A high accounts turnover ratio is considered desirable by companies, as it suggests that the company’s collection process to collect revenue is efficient, the company enjoys a high-quality customer base, or that the company maintains a conservative credit policy. A low accounts receivable turnover is an indicator that the company's overall financial health may not be that great and can suggest a poor collection process, extending credit terms to bad customers, or extending its credit policy for too long.
Some of the most common limitations of accounts receivables turnover ratio are:
Instead of using net credit sales, some companies may use total sales in the numerator. In such a scenario, if the number under cash sales is high, the amount of turnover will also appear to be high, which is misleading, as the turnover ratio isn't accurate
When the accounts receivable turnover ratio is too high, it may indicate that the company's credit policy is way too stringent. Here it suggests that the credit manager only allows credit sales to the most creditworthy customers, and letting competitors with more flexible credit policies take away other sales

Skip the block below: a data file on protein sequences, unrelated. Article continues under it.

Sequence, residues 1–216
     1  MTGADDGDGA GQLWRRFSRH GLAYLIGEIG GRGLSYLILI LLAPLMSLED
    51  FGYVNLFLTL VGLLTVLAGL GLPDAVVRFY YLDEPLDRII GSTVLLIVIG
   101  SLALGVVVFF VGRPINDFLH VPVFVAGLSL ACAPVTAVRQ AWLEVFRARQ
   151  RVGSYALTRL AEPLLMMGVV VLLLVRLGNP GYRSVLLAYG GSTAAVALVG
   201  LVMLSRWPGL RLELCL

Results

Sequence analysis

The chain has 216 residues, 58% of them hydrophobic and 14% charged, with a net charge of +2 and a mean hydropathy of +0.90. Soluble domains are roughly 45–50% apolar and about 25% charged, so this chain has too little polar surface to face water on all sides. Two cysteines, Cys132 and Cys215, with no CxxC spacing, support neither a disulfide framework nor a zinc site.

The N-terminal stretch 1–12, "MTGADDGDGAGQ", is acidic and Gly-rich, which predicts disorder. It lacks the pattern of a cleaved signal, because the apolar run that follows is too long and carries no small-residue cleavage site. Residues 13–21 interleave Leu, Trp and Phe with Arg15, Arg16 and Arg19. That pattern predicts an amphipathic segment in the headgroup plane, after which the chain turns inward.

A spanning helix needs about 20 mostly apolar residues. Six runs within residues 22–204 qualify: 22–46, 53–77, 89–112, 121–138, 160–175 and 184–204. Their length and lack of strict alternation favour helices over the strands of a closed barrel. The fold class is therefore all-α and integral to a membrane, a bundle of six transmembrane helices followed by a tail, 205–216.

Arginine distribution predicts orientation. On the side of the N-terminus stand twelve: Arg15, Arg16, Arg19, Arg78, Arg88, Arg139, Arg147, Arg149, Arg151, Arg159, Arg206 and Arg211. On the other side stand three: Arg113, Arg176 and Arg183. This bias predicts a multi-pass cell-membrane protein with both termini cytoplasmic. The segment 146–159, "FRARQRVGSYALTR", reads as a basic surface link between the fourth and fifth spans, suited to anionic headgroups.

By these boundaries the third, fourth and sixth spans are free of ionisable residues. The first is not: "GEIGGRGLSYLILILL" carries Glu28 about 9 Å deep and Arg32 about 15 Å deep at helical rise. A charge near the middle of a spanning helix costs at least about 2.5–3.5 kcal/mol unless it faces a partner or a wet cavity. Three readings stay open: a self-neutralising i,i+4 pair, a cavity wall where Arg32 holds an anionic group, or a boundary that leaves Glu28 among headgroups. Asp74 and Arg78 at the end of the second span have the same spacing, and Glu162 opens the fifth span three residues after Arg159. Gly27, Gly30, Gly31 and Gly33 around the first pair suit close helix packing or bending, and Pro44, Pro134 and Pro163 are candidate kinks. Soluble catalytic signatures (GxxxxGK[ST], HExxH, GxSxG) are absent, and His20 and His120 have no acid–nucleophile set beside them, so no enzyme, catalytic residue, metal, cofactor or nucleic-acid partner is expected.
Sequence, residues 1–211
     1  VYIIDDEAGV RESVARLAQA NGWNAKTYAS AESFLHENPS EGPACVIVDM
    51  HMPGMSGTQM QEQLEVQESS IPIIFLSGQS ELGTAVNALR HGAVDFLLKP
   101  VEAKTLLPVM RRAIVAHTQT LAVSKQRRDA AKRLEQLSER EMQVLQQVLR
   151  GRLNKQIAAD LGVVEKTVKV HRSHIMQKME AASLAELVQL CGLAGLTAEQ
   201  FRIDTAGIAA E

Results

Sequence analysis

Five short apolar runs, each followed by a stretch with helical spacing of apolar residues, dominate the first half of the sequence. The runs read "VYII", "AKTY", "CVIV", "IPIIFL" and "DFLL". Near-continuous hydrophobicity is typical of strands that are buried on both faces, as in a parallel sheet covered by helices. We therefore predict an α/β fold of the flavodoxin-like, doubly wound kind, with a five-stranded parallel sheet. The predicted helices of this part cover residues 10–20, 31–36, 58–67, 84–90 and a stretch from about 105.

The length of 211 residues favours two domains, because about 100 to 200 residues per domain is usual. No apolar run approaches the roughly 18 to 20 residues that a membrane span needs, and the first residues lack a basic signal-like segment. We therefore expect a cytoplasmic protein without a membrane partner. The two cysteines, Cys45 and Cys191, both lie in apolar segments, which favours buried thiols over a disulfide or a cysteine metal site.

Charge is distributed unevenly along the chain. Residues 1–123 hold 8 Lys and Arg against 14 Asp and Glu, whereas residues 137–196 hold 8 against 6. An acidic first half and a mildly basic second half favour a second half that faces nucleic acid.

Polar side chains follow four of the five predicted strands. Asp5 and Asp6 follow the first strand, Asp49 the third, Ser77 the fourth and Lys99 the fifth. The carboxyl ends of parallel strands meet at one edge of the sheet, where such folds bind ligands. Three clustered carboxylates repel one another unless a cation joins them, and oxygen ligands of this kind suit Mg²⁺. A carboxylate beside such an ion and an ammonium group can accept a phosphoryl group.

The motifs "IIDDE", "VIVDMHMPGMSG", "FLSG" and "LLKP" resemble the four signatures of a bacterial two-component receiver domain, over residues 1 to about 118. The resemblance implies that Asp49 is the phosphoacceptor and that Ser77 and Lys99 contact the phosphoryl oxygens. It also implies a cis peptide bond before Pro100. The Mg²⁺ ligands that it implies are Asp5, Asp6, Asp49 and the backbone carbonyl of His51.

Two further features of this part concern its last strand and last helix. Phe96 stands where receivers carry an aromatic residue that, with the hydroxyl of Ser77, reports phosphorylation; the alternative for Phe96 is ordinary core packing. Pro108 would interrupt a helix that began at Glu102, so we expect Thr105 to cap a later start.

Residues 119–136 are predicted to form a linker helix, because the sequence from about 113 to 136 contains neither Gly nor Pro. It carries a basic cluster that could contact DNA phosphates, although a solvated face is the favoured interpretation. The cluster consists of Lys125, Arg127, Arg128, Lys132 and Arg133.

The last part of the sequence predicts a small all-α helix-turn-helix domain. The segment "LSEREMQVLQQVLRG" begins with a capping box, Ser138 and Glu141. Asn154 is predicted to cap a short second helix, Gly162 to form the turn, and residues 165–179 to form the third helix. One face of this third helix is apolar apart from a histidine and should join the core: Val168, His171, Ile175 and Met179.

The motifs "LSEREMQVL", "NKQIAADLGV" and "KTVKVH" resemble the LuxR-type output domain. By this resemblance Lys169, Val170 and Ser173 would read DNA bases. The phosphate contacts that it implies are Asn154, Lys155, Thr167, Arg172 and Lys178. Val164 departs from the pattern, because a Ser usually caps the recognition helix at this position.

It's possible that a low receivable turnover rate isn't the fault of the credit and collections department. Instead, it's possible that mistakes made elsewhere in the organisation are preventing payment. Customers may refuse to pay the corporation if the goods are damaged or the wrong goods are supplied, for example. As a result, the blame for a poor measurement result can be dispersed among a company's several departments.
The AR turnover ratio depends on which industry your business belongs to. Depending on the industry, you can assess what's best for your business. If an average ratio of a specific industry, say manufacturing is 10, a company that belongs to that business segment must have that ratio. However, it could be as low as 5 for another industry, and still can be considered as a high AR for that sepcific segment.
A receivable turnover of 10 means that the company's financial health as per that industry is good and it can manage its short term debts and also has a good credit policy for its customers.
Considering most companies collect within 30 days, the average collection period would thus be 36-37 days.